Oklahoma City, OK 73105
For Immediate Release: March 22, 2016
Artist Wayne Cooper and sponsor Sen. Dan Newberry unveil the portrait
of Bass Reeves
Tuesday afternoon in the Senate Chamber.
Artist Wayne Cooper discusses life of Deputy Marshal Bass Reeves.
Fomer state Senator and President of the Senate Historical Preservation
with sponsor Dan Newberry and artist Wayne Cooper.
Portrait of first African American Deputy Marshal Bass
The Senate unveiled a portrait Tuesday of the nation’s first
African American Deputy Marshal, Bass Reeves.
Reeves was born a slave in 1838 in Crawford County, Arkansas. He
worked for a prominent politician in the region and farmer, William
S. Reeves, as a water boy in the cotton fields of the Reeves farm.
During the Civil War, Bass was a servant for William's son, George
Reeves, who was a Colonel in the Confederate Army who organized
the 11th Calvary regiment. Bass claimed to have fought in several
battles but because of a dispute with George, he allegedly escaped
and fled into the Indian Territory (now known as Oklahoma) as a
fugitive slave. There he associated with Native Americans from the
Creek and Seminole tribes learning their language and customs.
Bass eventually moved to Arkansas where he met his wife Nellie Jennie
and raised their ten children. Refining his skills as an outdoorsman,
Bass became an expert sharpshooter. In addition to earning a living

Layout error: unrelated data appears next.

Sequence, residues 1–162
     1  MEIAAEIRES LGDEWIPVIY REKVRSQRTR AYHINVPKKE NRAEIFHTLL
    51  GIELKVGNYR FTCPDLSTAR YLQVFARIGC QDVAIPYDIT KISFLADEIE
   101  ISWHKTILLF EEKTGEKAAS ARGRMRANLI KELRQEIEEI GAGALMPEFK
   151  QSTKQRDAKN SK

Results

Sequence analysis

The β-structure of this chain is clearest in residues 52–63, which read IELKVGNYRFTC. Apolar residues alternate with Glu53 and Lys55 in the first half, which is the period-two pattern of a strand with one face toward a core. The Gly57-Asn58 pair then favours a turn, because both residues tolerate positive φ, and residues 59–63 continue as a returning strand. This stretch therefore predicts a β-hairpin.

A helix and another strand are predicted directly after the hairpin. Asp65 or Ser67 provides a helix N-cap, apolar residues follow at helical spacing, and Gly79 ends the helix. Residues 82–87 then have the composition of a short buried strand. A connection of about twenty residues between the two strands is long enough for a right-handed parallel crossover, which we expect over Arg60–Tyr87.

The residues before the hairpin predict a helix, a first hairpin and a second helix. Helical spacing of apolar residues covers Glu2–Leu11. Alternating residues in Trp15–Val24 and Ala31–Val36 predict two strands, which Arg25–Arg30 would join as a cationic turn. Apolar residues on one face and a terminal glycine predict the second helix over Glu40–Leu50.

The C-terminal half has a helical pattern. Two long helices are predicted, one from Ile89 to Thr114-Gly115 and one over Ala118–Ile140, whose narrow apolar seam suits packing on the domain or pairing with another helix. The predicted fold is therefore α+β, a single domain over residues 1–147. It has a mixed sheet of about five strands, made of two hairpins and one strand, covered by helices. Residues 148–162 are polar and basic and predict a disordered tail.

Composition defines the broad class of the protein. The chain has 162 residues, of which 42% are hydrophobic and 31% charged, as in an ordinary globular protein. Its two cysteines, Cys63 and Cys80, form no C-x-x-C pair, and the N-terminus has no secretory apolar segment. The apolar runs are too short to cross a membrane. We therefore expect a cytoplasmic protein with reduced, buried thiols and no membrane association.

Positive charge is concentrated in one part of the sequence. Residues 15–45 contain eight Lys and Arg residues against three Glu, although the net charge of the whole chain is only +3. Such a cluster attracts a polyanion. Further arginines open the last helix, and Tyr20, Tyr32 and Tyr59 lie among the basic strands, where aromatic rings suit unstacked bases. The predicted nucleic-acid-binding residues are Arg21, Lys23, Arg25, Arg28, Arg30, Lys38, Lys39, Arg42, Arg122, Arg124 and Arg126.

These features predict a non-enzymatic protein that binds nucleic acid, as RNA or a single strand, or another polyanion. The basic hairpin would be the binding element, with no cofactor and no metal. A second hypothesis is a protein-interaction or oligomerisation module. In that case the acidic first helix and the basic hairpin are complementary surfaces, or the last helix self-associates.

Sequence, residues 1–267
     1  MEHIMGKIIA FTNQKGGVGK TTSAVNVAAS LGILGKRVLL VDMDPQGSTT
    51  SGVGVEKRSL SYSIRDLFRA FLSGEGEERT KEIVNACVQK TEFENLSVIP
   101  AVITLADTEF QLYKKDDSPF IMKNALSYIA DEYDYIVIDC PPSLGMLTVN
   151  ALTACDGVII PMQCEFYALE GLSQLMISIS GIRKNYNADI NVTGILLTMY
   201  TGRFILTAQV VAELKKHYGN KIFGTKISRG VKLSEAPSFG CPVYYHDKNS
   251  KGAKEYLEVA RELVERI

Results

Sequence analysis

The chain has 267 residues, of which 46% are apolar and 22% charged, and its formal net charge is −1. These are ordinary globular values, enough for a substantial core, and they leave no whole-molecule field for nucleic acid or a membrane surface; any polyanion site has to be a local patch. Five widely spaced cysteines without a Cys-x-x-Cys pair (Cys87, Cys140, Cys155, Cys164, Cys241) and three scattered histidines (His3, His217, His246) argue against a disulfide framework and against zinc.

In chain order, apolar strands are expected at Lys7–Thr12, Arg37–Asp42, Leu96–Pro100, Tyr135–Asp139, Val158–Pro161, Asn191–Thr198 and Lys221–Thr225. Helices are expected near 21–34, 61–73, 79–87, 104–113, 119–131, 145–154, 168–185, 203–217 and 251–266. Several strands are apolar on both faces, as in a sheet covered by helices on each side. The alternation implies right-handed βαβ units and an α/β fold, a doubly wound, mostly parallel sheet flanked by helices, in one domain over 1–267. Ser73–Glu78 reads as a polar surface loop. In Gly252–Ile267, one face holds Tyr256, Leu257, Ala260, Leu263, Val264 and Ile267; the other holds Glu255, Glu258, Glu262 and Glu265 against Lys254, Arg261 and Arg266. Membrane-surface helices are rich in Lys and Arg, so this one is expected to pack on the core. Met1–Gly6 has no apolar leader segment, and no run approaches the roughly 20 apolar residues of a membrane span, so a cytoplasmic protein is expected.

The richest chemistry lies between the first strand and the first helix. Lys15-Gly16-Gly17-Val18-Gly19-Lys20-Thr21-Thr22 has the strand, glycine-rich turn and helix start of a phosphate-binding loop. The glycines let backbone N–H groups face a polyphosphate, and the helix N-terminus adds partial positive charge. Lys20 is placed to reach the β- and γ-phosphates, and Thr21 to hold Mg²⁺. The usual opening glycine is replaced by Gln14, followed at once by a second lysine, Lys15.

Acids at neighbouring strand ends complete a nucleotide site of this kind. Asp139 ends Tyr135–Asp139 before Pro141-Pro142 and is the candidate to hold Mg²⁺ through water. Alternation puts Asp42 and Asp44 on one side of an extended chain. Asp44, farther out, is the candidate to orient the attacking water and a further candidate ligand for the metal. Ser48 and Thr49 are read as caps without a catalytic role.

as a farmer, rancher and a horse breeder, he also served as a guide
into the Indian Territory for Deputy U.S. Marshals for the Van Buren
federal court searching for outlaws. In 1875, the legendary “Hanging
Judge” Isaac C. Parker was appointed a federal judge of the
Indian Territory. Parker appointed James Fagan as U.S. Marshal and
instructed him to hire 200 deputy marshals. Knowing of Reeves' reputation
with a pistol, his ability to speak several Indian languages and
interact with them as well as his knowledge of the territory, Fagan
named Reeves a Deputy Marshal, the first African American to hold
Reeves became one of the most feared and respected U.S. Marshals
in Indian Territory. He arrested some of the most dangerous criminals
of the time. During his 32 years as a federal peace officer, he
arrested 3,000 felons and killed 14 outlaws defending his life during
arrests. He was a legend in Indian Territory and was one of Judge
Parker’s most valued deputies. The fact that Reeves was an
African American who had spent his early life as a slave in Arkansas
and Texas makes his accomplishments all the more remarkable.
He was the only deputy to begin with Parker's court and work until
Oklahoma statehood in 1907. After retiring from federal service,
Reeves joined the Muskogee Police Department at the age of 68. Unfortunately,
in 1910, his health deteriorated and he died of Bright’s disease.
Reeves is considered by many scholars to be one of the most outstanding
frontier heroes in U.S. history.
The portrait is by artist Wayne Cooper and is his twentieth piece
to be displayed at the state Capitol. It is sponsored by Sen. Dan
and Laura Newberry, TTCU The Credit Union, WEOKIE Credit Union,
Communication Federal Credit Union, Bison Federal Credit Union,
Green Country, Federal Credit Union, Oklahoma Central Credit Union,
and Truity Credit Union. It is a project of the Oklahoma State Senate
Historical Preservation Fund.
For more information, contact:
Sandra Shelton: (405) 521-5563